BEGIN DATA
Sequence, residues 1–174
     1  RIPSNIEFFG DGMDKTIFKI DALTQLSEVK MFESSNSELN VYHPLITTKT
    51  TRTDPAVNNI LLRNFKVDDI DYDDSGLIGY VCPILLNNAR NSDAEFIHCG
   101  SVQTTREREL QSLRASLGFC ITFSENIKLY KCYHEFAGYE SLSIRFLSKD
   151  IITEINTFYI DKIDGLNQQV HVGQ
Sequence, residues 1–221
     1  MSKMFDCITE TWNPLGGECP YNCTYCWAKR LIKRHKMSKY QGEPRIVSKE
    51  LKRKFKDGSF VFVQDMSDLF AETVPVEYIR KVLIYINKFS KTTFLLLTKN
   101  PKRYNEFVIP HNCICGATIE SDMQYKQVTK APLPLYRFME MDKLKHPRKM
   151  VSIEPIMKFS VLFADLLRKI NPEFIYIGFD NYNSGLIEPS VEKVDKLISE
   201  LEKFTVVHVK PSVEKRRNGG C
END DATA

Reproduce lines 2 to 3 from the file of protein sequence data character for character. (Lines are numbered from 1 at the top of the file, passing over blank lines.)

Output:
     1  RIPSNIEFFG DGMDKTIFKI DALTQLSEVK MFESSNSELN VYHPLITTKT
    51  TRTDPAVNNI LLRNFKVDDI DYDDSGLIGY VCPILLNNAR NSDAEFIHCG